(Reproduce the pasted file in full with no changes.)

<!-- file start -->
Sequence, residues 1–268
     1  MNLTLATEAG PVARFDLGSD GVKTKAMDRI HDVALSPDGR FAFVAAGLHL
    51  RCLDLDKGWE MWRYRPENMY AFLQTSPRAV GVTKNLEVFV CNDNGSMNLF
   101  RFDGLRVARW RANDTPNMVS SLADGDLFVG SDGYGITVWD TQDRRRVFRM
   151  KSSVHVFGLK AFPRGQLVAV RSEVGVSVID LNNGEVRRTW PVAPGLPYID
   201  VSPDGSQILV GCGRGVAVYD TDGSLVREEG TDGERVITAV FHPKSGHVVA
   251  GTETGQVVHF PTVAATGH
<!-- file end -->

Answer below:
Sequence, residues 1–268
     1  MNLTLATEAG PVARFDLGSD GVKTKAMDRI HDVALSPDGR FAFVAAGLHL
    51  RCLDLDKGWE MWRYRPENMY AFLQTSPRAV GVTKNLEVFV CNDNGSMNLF
   101  RFDGLRVARW RANDTPNMVS SLADGDLFVG SDGYGITVWD TQDRRRVFRM
   151  KSSVHVFGLK AFPRGQLVAV RSEVGVSVID LNNGEVRRTW PVAPGLPYID
   201  VSPDGSQILV GCGRGVAVYD TDGSLVREEG TDGERVITAV FHPKSGHVVA
   251  GTETGQVVHF PTVAATGH